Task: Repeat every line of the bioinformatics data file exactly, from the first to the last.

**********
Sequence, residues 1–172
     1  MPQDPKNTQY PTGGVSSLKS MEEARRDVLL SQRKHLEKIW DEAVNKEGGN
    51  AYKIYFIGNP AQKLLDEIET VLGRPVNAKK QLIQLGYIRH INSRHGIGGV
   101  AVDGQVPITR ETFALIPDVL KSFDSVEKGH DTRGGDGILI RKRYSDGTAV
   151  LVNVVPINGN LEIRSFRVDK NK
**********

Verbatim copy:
Sequence, residues 1–172
     1  MPQDPKNTQY PTGGVSSLKS MEEARRDVLL SQRKHLEKIW DEAVNKEGGN
    51  AYKIYFIGNP AQKLLDEIET VLGRPVNAKK QLIQLGYIRH INSRHGIGGV
   101  AVDGQVPITR ETFALIPDVL KSFDSVEKGH DTRGGDGILI RKRYSDGTAV
   151  LVNVVPINGN LEIRSFRVDK NK